Example 3

FIG. 3 illustrates that a heat dose at a temperature of 41.5° C. for 15 minutes that is first administered within 5 minutes after exposure to levels of ultraviolet radiation (UV) that would kill 86% of the cells leads to levels of hydrogen peroxide degradation similar to levels seen with heat alone and greater after 1 hour than levels in cells treated with UV alone. Hydrogen peroxide degradation rate is the rate at which the cell is capable to eliminate hydrogen peroxide by biochemical transformation. Hydrogen peroxide is the stable oxidant chemical entity that is formed during an oxidative stress such as radiation. The determination of the hydrogen peroxide degradation rate is therefore measuring the level of plasma membrane biochemical integrity after treatment. This shows that heat treatment after radiation exposure may elicit the same, if not a better, protective response against reactive oxygen species than heat treatment alone and provides one possible mechanism for the observed protection.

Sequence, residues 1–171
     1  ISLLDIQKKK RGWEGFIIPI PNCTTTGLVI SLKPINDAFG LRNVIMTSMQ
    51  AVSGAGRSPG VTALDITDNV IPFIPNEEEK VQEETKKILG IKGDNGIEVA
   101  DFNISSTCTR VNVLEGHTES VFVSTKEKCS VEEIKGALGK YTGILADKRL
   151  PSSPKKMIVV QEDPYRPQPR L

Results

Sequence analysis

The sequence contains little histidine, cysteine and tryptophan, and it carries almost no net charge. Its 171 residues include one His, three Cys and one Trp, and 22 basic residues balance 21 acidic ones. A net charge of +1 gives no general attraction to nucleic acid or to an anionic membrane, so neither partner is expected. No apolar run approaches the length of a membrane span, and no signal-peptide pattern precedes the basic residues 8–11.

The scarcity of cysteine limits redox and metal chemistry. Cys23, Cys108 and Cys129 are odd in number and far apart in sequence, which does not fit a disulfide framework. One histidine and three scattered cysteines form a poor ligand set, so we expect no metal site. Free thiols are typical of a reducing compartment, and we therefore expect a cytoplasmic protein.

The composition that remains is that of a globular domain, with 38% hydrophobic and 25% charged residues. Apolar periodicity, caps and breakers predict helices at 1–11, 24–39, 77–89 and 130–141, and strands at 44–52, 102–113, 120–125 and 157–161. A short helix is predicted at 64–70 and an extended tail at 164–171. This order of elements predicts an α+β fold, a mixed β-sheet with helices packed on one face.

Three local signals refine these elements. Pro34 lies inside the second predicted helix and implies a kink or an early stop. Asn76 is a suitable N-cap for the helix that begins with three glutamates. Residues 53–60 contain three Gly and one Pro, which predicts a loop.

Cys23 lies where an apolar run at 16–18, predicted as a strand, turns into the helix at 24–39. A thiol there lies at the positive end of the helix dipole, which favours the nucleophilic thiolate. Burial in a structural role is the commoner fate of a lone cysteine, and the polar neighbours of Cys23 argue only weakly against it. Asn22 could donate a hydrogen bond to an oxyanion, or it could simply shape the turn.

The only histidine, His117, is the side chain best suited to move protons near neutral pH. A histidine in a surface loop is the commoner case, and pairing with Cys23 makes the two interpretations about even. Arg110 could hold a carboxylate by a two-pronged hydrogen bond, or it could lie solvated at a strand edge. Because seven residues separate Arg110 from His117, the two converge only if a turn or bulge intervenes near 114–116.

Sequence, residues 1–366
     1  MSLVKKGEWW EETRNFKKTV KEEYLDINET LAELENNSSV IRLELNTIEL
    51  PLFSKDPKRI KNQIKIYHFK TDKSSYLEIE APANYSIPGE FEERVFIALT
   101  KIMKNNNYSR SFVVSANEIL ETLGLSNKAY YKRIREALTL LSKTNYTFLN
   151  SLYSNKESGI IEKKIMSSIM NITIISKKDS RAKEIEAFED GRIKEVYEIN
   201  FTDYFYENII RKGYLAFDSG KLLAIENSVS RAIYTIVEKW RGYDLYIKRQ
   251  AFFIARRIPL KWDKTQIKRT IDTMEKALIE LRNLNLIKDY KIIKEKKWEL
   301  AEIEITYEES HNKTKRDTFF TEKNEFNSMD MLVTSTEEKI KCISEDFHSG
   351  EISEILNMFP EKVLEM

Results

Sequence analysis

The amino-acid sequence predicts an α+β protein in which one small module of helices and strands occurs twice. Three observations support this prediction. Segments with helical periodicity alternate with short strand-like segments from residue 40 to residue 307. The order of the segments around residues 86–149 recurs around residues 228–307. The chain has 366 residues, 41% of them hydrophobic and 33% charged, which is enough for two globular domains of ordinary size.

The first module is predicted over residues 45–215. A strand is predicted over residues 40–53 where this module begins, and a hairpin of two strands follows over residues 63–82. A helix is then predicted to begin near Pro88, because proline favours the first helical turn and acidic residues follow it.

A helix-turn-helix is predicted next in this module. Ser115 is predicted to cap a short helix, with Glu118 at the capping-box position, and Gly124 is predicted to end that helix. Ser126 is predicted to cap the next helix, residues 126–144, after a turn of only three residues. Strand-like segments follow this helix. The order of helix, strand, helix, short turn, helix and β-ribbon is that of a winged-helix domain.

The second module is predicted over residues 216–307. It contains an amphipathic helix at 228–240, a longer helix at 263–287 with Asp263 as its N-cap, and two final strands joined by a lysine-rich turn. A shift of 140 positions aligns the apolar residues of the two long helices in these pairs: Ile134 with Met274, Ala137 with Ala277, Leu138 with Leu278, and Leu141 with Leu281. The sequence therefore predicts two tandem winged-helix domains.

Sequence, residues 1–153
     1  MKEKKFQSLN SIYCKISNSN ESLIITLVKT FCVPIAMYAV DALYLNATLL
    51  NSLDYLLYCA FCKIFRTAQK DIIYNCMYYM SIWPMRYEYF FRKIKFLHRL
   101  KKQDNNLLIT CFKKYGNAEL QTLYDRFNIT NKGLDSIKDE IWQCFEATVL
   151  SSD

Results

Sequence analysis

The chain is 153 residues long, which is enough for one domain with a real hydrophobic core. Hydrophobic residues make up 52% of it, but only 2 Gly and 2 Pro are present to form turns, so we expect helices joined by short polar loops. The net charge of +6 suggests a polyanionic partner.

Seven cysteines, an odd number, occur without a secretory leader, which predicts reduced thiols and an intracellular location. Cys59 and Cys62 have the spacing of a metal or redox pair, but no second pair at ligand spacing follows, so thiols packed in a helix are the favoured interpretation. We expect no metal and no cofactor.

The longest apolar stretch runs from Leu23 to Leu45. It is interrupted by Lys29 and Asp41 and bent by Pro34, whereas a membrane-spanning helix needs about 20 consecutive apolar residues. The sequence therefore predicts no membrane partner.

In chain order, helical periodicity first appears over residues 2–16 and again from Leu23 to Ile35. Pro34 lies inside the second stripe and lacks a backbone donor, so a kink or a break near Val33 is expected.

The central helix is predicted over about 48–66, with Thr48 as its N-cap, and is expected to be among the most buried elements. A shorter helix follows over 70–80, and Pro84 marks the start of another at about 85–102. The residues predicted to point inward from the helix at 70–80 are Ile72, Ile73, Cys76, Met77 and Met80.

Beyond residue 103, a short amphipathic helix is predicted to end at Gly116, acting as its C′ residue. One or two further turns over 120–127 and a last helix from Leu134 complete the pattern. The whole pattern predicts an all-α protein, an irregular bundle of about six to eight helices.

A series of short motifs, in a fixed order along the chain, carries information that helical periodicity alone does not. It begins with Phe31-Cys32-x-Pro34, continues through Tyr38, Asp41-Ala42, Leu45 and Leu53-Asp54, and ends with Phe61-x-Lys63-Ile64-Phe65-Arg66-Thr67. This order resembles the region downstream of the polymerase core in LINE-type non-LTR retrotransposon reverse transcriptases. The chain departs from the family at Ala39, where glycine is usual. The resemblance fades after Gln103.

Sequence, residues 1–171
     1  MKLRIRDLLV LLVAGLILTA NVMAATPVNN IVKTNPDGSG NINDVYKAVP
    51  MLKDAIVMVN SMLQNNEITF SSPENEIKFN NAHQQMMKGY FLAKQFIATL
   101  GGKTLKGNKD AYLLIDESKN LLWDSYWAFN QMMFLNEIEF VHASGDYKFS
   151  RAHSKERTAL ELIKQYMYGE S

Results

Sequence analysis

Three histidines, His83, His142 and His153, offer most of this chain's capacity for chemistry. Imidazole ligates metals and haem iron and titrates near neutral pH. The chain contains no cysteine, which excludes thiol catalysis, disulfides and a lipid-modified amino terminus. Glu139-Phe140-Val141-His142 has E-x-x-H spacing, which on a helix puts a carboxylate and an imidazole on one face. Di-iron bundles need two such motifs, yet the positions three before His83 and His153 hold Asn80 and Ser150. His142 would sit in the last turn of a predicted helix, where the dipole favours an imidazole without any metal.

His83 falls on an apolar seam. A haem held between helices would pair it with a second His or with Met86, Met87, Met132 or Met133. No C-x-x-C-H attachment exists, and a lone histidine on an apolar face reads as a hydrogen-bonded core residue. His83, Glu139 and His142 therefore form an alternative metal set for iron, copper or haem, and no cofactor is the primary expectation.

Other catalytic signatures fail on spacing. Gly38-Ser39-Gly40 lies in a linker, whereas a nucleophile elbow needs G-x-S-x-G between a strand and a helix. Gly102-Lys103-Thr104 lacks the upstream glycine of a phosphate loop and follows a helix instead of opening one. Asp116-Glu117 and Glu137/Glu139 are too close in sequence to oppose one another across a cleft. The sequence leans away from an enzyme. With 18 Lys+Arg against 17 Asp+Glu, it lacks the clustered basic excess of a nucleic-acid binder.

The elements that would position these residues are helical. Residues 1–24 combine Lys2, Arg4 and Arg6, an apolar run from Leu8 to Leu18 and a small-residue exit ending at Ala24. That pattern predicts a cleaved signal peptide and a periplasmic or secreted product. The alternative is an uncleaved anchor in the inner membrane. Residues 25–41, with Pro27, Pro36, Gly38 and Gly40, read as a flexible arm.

While the present invention has been disclosed with references to certain embodiments, numerous modification, alterations, and changes to the described embodiments are possible without departing from the sphere and scope of the present invention, as defined in the appended claims. Accordingly, it is intended that the present invention not be limited to the described embodiments, but that it has the full scope defined by the language of the following claims, and equivalents thereof.